The rosids are members of a large clade (monophyletic group) of flowering plants, containing about 70,000 species, more than a quarter of all angiosperms.
The clade is divided into 16 to 20 orders, depending upon circumscription and classification. These orders, in turn, together comprise about 140 families.
Fossil rosids are known from the Cretaceous period. Molecular clock estimates indicate that the rosids originated in the Aptian or Albian stages of the Cretaceous, between 125 and 99.6 million years ago.
Today’s forests are highly dominated by rosid species, which in turn helped with diversification in many other living lineages. Additionally, rosid herbs and shrubs are also a significant part of arctic/alpine, temperate floras, aquatics, desert plants, and parasites.
The name is based upon the name "Rosidae", which had usually been understood to be a subclass. In 1967, Armen Takhtajan showed that the correct basis for the name "Rosidae" is a description of a group of plants published in 1830 by Friedrich Gottlieb Bartling. The clade was later renamed "Rosidae" and has been variously delimited by different authors. The name "rosids" is informal and not assumed to have any particular taxonomic rank like the names authorized by the ICBN. The rosids are monophyletic based upon evidence found by molecular phylogenetic analysis.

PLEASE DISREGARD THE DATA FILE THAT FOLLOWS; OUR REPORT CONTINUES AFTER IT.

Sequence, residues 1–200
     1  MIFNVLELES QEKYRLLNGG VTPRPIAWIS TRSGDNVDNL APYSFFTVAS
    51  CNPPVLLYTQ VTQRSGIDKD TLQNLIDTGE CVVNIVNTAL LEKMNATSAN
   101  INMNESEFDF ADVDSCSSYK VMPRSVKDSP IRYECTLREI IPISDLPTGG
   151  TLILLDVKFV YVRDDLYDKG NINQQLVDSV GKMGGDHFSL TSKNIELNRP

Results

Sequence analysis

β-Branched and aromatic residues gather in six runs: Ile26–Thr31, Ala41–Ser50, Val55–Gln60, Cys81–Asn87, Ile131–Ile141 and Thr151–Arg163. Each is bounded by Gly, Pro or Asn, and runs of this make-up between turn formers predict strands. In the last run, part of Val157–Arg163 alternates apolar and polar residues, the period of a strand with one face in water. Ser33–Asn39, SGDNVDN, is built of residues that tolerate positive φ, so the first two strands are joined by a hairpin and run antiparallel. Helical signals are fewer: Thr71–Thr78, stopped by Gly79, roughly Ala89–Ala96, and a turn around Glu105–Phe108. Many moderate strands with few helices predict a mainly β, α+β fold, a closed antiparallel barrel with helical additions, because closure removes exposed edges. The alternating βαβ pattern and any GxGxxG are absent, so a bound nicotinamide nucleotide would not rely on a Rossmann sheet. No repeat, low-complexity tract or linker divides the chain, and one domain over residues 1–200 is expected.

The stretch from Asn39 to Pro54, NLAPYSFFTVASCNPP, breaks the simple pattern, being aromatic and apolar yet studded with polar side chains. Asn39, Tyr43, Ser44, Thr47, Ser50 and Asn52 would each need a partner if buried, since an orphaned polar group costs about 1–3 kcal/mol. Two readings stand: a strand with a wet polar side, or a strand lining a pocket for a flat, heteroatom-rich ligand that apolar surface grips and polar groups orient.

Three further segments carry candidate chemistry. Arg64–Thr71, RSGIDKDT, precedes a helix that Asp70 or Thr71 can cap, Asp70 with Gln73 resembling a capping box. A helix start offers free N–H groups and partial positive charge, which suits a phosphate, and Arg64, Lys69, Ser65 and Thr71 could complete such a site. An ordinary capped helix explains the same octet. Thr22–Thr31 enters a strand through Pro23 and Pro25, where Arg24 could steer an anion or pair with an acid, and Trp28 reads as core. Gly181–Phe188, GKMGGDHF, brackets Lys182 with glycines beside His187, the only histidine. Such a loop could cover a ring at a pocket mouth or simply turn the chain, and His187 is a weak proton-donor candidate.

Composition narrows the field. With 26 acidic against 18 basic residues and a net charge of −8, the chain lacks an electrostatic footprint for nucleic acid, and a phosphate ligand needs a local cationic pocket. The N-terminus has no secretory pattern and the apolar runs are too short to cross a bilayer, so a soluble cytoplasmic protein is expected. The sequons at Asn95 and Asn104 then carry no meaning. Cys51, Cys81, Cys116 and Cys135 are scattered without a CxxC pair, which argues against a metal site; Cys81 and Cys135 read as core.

Three different definitions of the rosids were used. Some authors included the orders Saxifragales and Vitales in the rosids. Others excluded both of these orders. The circumscription used in this article is that of the APG IV classification, which includes Vitales, but excludes Saxifragales.
The rosids and Saxifragales form the superrosids clade. This is one of three groups that comprisee the Pentapetalae (core eudicots minus Gunnerales), the others being Dilleniales and the superasterids (Berberidopsidales, Caryophyllales, Santalales, and asterids).
The rosids consist of two groups: the order Vitales and the eurosids (true rosids). The eurosids, in turn, are divided into two groups: fabids (Fabidae, eurosids I) and malvids (Malvidae, eurosids II).
The rosids consist of 17 orders. In addition to Vitales, there are eight orders in fabids and eight orders in malvids. Some of the orders have only recently been recognized. These are Vitales, Zygophyllales, Crossosomatales, Picramniales, and Huerteales.
The phylogeny of rosids shown below is adapted from the Angiosperm Phylogeny Group website.
The nitrogen-fixing clade contains a high number of actinorhizal plants (which have root nodules containing nitrogen fixing bacteria, helping the plant grow in poor soils). Not all plants in this clade are actinorhizal, however.